In the historic center of Rovigo, as part of a portion of high-density urban fabric, a private residence with longitudinal development carves out an exclusive courtyard – of critical importance in the intentions of the Commission, which declared to search in the small outdoor space an oasis of psychophysical confidentiality and well-being, memory of its Calabrian origins – squeezed between jumps of altitude, border facades and walled edges.
The project starts from the suggestion of the “home road”, which in the collective imagination constitutes the emotional scenario of belonging, the finding of oneself, the return to affections and a precious dimension of inner recollection.
An uninterrupted burmese natural teak wood tape – expected for almost two years as part of international sustainable cutting practices, on-site processing, recovery of waste materials and zero-emission sea transport – runs through the compressed space of the court identifying a geometric “path” that leads from the sliding road gate to the entrance of the house. Three-dimensional elements welcome planters, seats and retractable compartments for plant integration and the formation of small invisible deposits.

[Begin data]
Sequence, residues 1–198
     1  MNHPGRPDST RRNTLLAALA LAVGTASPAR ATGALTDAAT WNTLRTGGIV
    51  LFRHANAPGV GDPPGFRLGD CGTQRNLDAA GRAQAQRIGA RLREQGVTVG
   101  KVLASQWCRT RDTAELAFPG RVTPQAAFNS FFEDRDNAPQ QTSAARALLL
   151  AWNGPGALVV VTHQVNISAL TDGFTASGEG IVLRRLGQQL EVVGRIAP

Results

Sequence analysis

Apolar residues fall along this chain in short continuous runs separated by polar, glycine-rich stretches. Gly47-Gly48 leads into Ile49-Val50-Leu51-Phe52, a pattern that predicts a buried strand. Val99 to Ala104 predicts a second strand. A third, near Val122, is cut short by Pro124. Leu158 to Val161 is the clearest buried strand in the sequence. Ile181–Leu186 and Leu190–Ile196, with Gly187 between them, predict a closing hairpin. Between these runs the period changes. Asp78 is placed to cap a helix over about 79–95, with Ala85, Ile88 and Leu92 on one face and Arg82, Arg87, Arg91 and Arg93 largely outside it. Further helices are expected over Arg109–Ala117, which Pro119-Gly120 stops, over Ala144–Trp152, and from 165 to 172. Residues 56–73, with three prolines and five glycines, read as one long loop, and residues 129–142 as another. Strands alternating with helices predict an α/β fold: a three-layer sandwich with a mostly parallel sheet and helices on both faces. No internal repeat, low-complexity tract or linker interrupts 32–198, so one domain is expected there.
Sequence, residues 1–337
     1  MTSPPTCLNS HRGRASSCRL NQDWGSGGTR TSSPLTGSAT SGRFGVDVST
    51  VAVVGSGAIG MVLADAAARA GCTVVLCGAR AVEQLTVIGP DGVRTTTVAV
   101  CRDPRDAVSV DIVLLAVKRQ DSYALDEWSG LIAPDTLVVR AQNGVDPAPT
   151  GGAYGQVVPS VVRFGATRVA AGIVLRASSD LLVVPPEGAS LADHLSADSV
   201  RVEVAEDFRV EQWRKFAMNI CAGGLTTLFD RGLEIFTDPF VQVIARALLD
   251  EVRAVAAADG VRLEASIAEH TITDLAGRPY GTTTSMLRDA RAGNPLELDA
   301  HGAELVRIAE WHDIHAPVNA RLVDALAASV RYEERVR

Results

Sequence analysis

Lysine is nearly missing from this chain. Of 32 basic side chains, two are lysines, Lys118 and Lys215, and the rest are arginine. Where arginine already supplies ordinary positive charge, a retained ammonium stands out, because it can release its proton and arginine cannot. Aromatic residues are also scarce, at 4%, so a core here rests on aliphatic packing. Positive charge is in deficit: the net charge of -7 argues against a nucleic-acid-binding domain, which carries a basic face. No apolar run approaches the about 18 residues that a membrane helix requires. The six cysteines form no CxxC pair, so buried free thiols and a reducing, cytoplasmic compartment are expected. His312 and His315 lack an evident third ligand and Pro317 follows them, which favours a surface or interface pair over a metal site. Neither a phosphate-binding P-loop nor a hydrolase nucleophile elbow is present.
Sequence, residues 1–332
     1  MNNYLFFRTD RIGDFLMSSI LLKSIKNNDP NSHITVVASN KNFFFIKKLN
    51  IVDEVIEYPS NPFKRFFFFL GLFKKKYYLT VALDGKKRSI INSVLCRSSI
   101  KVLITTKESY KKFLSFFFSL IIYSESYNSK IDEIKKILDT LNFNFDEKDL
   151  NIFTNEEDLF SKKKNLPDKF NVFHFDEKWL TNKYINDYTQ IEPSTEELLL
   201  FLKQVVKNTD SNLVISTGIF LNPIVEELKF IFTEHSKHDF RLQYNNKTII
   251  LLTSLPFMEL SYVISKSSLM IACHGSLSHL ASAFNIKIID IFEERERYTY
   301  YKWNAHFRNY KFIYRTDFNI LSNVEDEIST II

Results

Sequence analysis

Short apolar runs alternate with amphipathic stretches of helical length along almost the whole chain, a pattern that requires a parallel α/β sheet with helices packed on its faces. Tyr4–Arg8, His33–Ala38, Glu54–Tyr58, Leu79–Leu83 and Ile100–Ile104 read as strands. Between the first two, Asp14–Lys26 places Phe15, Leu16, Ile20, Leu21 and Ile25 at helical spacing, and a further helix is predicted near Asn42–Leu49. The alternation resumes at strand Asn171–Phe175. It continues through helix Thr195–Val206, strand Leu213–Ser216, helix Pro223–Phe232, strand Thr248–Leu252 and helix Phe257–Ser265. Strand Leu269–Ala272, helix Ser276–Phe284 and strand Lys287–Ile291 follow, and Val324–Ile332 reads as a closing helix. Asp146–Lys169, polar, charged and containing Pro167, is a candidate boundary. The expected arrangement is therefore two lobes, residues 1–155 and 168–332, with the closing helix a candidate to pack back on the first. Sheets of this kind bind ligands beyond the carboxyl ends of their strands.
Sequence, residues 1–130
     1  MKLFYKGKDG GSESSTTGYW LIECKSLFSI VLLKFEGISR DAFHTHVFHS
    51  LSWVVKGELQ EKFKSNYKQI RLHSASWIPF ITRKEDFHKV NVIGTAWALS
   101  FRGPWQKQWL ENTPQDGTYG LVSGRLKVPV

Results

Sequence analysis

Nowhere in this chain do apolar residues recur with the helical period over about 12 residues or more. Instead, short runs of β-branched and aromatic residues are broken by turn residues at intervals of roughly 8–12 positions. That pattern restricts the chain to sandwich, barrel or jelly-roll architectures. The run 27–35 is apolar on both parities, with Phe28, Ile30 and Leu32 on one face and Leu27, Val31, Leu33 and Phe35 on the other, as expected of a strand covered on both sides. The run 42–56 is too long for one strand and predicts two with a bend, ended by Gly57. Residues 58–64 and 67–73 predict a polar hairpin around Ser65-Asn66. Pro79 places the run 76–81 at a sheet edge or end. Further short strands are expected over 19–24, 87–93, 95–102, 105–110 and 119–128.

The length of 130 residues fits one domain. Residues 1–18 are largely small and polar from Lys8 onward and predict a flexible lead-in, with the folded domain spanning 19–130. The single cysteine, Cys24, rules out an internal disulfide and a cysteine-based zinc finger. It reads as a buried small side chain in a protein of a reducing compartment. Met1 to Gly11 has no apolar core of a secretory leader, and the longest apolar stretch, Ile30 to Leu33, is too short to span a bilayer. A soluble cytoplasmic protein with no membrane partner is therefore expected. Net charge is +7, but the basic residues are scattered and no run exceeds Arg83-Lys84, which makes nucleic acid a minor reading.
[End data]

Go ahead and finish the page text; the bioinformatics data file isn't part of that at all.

The wooden surfaces also climb vertically: beside and in front of the large window of the living they draw a soft open-air room, on the street a new base on which the building seems to lean. Deck-like flooring of boats, coatings similar to soft handmade fabrics.
Vegetable surfaces also climb upwards in the creation of a spectacular enclosure, a lush and unexpected oasis in the body of the city. To the lawn surfaces and those of the volumes-planter is added a wall of vertical green almost thirty meters long that gives the garden the appearance of a magical place. Rainwater is collected from open joint flooring, stored in underground tanks, filtered and redistributed for irrigation of meadows and green walls, without any consumption of drinking water.
Chronology: 2014 project, 2015-2016 construction
Design Team: Tomas Ghisellini, Alice Marzola
Photographs: Tomas Ghisellini